Ina Boyle

From Wikipedia, the free encyclopedia
Jump to: navigation, search
Ina Boyle

Ina Boyle (8 March 1889 – 10 March 1967) was an Irish composer – the most prolific and significant female composer from Ireland before 1950.[1]

Biography[edit]

She was born in Bushey Park near Enniskerry and took violin and cello lessons as a child. She studied counterpoint, harmony and composition with Charles Herbert Kitson and George Hewson in Dublin, and by correspondence with her cousin Charles Wood. She also traveled to London periodically for lessons with Ralph Vaughan Williams.[2] She also studied with Percy Buck.[3]

Because of her isolation, Boyle's music was seldom performed. However, she continued to compose until her death.[4] Her composition The Magic Harp received a Carnegie Award, and she won an Olympic Honorable Mention in 1948 for Ireland with Lament for Bion, a composition she submitted to the Olympic Cultural Activities Committee.[5] She died of cancer in Greystones, County Wicklow,[6] and her papers are archived in the Library of Trinity College, Dublin.[7] Trinity College has digitised most of her music manuscripts, and they can be searched and studied online.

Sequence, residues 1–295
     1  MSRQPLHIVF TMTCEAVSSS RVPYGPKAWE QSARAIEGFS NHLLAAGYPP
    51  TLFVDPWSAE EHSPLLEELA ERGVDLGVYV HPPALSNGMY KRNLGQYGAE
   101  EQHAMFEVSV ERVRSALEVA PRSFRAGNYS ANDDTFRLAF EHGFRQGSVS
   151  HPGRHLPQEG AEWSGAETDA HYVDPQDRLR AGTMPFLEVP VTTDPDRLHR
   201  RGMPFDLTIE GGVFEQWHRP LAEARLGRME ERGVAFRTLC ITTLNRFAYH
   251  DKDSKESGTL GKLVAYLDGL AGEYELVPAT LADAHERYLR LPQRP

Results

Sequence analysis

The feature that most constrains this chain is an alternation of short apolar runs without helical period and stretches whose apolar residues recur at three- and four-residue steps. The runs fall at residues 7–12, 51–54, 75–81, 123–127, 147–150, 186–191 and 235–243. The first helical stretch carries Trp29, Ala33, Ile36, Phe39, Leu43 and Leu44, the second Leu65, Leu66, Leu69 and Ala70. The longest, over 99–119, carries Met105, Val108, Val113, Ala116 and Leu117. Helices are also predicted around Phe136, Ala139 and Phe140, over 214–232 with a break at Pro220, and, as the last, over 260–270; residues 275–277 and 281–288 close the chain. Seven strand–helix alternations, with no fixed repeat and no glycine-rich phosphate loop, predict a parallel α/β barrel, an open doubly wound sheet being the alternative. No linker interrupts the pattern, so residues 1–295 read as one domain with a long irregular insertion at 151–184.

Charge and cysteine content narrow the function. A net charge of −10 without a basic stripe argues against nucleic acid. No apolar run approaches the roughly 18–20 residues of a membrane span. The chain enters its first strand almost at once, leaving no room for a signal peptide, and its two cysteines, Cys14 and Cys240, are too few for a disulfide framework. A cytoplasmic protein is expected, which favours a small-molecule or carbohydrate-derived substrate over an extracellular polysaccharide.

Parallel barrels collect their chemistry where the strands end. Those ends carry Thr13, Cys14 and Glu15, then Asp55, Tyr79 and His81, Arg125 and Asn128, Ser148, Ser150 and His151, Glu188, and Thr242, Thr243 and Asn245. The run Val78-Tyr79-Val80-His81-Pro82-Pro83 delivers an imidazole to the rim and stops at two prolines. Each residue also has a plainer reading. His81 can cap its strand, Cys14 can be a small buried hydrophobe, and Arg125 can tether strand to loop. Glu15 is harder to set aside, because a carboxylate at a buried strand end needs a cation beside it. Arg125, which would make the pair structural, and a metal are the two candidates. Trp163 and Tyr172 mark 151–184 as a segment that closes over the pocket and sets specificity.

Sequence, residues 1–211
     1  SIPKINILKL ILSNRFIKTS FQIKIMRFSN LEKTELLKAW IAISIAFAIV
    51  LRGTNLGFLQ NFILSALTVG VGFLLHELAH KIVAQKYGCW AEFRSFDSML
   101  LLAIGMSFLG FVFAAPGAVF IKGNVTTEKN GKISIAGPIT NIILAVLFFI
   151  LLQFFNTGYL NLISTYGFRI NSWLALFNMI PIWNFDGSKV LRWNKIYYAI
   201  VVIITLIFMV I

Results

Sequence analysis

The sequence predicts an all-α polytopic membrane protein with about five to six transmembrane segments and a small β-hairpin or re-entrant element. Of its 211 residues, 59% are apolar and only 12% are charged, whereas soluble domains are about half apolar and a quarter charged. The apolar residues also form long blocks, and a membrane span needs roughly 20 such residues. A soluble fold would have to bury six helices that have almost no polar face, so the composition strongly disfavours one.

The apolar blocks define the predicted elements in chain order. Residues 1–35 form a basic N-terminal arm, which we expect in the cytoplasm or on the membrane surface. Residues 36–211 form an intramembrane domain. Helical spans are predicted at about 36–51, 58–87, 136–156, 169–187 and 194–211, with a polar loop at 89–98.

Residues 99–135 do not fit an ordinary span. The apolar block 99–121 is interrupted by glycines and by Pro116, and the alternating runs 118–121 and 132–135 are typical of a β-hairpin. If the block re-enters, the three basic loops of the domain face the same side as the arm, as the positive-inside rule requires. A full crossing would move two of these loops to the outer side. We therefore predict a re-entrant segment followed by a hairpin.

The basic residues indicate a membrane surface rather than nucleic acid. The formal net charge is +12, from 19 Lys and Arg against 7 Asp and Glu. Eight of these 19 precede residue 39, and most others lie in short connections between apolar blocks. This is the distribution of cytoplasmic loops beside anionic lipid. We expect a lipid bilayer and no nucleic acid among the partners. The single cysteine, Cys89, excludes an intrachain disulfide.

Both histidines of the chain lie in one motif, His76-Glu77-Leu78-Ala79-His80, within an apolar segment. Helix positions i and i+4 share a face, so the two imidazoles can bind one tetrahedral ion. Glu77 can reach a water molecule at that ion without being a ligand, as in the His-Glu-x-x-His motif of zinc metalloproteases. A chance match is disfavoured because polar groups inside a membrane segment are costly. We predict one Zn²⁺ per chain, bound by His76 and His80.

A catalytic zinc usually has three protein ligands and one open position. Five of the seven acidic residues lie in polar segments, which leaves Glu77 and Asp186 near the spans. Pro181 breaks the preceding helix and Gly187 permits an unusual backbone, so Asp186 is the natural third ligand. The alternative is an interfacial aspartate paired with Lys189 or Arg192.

A feature length documentary about the life and music of Ina Boyle titled From the Darkness was broadcast 12 June 2010 on Ireland's RTÉ Lyric FM. In April and May 2013, an exhibition at Trinity College highlighted "Ina Boyle’s Symphonic Journey".

Selected works[edit]

Recordings[edit]

  • The Magic Harp, performed by Bournemouth Symphony Orchestra, Ronald Corp (cond.), on: Dutton Laboratories CDLX 7276 (CD, 2011).
  • The Wild Geese, performed by European Union Youth Orchestra, Laurent Pillot (cond.), on: Classical Recording Company CRC 2309 (CD, 2013).

Bibliography[edit]

  • Elizabeth Maconchy: Ina Boyle. An Appreciation with a Select List of Her Music (Dublin: Dolmen Press, 1974).
  • Sheila Powerscourt: Powerscourt and Ina Boyle, in: S. Powerscourt: Sun too Fast (London: Bles, 1974), pp. 201-15.
  • Axel Klein: Die Musik Irlands im 20. Jahrhundert (Hildesheim: Georg Olms Verlag, 1996), pp. 174-6, 368-71.
  • Sonya Keogh: Ina Boyle. A Life and Work (MPhil, University College Cork, 2002).

References[edit]

  1. ^ Sadie, Julie Anne; Samuel, Rhian (1994). The Norton/Grove dictionary of women composers (Digitized online by GoogleBooks). 
  2. ^ Williams, Ralph Vaughan; Cobbe, Hugh (2008). Letters of Ralph Vaughan Williams 1895-1958. 
  3. ^ Contemporary Music Centre, Ireland: Composers
  4. ^ Fuller, Sophie (1994). The Pandora Guide to Women Composers: Britain and the United States. 
  5. ^ "COMPÉTITIONS D'ART". Retrieved 1 February 2011. 
  6. ^ Ita Beausang: "Boyle, Ina", in: The Encyclopaedia of Music in Ireland, ed. by Harry White and Barra Boydell (Dublin: UCD Press, 2013), p. 119–121.
  7. ^ "INA BOYLE (1889-1967)". Retrieved 1 February 2011. 

External links[edit]